PythonPing is simple way to ping in Python. With it, you can send ICMP Probes to remote devices like you would do from the terminal. PythonPing is modular, so that you can run it in a script as a standalone function, or integrate its components in a fully-fledged application.
The simplest usage of PythonPing is in a script. You can use the
ping function to ping a target.
If you want to see the output immediately, emulating what happens on the terminal, use the
verbose flag as below.
from pythonping import ping ping('127.0.0.1', verbose=True)
This will yeld the following result.
Reply from 127.0.0.1, 9 bytes in 0.17ms Reply from 127.0.0.1, 9 bytes in 0.14ms Reply from 127.0.0.1, 9 bytes in 0.12ms Reply from 127.0.0.1, 9 bytes in 0.12ms
Regardless of the verbose mode, the
ping function will always return a
This is a special iterable object, containing a list of
Response items. In each response, you can
find the packet received and some meta information, like the time it took to receive the response
and any error message.
You can also tune your ping by using some of its additional parameters:
sizeis an integer that allows you to specify the size of the ICMP payload you desire
timeoutis the number of seconds you wish to wait for a response, before assuming the target is unreachable
payloadallows you to use a specific payload (bytes)
countspecify allows you to define how many ICMP packets to send
intervalthe time to wait between pings, in seconds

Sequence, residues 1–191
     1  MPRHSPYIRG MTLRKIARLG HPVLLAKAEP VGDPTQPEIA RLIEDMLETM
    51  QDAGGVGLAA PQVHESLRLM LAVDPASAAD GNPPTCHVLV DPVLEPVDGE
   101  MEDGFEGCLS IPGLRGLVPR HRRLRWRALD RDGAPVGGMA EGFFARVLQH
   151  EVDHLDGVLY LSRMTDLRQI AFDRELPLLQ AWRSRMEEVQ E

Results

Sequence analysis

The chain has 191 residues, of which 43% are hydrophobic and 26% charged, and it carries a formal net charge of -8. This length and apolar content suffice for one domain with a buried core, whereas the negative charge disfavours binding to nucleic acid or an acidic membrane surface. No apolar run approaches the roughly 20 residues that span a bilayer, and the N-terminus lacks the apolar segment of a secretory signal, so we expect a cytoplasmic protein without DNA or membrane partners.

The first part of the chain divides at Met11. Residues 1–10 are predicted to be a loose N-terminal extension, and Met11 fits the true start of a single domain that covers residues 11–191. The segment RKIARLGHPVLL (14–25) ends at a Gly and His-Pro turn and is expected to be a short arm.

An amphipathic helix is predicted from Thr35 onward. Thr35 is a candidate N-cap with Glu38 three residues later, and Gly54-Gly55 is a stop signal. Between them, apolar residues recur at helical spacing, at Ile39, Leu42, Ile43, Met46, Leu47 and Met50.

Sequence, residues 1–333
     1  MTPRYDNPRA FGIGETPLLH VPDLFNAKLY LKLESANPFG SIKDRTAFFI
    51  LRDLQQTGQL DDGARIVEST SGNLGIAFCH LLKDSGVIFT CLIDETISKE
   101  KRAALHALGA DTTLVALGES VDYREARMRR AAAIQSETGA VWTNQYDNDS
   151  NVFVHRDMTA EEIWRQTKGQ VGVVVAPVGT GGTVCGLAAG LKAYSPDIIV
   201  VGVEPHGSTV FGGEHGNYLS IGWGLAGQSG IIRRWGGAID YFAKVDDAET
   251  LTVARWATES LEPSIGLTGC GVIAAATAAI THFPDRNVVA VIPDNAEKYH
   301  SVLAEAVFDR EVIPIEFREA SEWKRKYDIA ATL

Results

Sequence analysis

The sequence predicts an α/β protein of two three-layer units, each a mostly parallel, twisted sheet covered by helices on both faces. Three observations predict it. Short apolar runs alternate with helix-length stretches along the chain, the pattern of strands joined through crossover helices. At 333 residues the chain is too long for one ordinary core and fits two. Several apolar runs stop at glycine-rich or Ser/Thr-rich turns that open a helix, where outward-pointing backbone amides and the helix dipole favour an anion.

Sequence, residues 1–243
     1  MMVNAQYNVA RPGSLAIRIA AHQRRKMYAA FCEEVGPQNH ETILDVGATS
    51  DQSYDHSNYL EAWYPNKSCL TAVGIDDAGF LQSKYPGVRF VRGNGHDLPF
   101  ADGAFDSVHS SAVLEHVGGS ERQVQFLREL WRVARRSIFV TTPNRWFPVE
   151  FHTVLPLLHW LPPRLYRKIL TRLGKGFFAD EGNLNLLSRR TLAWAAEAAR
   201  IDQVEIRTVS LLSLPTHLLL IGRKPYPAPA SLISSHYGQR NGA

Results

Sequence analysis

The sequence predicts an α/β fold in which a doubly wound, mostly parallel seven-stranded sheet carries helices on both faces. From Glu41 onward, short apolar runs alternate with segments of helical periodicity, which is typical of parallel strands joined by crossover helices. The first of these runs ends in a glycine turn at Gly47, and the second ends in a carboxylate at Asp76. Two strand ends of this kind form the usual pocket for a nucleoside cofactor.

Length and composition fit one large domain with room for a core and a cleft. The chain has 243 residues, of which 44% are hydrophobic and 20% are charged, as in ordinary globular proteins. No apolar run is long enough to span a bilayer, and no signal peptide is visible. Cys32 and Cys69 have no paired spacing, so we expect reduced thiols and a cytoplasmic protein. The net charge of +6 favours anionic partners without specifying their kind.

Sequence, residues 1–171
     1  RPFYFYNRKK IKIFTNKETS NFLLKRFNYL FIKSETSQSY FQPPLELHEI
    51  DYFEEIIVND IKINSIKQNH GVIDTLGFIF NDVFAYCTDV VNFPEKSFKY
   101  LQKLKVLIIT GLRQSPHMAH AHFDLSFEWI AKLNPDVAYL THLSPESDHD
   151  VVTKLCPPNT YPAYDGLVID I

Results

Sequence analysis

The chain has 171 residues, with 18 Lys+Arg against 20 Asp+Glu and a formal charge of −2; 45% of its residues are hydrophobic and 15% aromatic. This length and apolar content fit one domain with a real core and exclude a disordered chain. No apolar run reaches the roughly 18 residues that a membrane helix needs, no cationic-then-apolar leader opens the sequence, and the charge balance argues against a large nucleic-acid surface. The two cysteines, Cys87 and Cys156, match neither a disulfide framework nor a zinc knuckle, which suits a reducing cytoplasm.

sweep_endallows you to perform a ping sweep, starting from payload size defined in
sweep_startand growing up to size defined in
sweep_end. Here, we repeat the payload you provided to match the desired size, or we generate a random one if no payload was provided. Note that if you defined
size, these two fields will be ignored
dfis a flag that, if set to True, will enable the Don't Fragment flag in the IP header
verboseenables the verbose mode, printing output to a stream (see
outis the target stream of verbose mode. If you enable the verbose mode and do not provide
out, verbose output will be send to the
sys.stdoutstream. You may want to use a file here.
matchis a flag that, if set to True, will enable payload matching between a ping request and reply (default behaviour follows that of Windows which counts a successful reply by a matched packet identifier only; Linux behaviour counts a non equivalent payload with a matched packet identifier in reply as fail, such as when pinging 188.8.131.52 with 1000 bytes and the reply is truncated to only the first 74 of request payload with a matching packet identifier)
Yes, you need to be root to use pythonping.
All operating systems allow programs to create TCP or UDP sockets without requiring particular permissions. However, ping runs in ICMP (which is neither TCP or UDP). This means we have to create raw IP packets, and sniff the traffic on the network card. Operating systems are designed to require root for such operations. This is because having unrestricted access to the NIC can expose the user to risks if the application running has bad intentions. This is not the case with pythonping of course, but nonetheless we need this capability to create custom IP packets. Unfortunately, there is simply no other way to create ICMP packets.
If you wish to extend PythonPing, or integrate it in your application, we recommend to use the
classes that are part of Python Ping instead of the
handles the communication with the target device, it takes care of sending ICMP requests and
processing responses (note that for it to be thread safe you must then handle making a unique
seed ID for each thread instance, see ping.__init__ for an example of this). It ultimately
executor.ResponseList object. The
Communicator needs to know a target and
which payloads to send to the remote device. For that, we have several classes in the
payload_provider module. You may want to create your own provider by extending
payload_provider.PayloadProvider. If you are interested in that, you should check the
documentation of both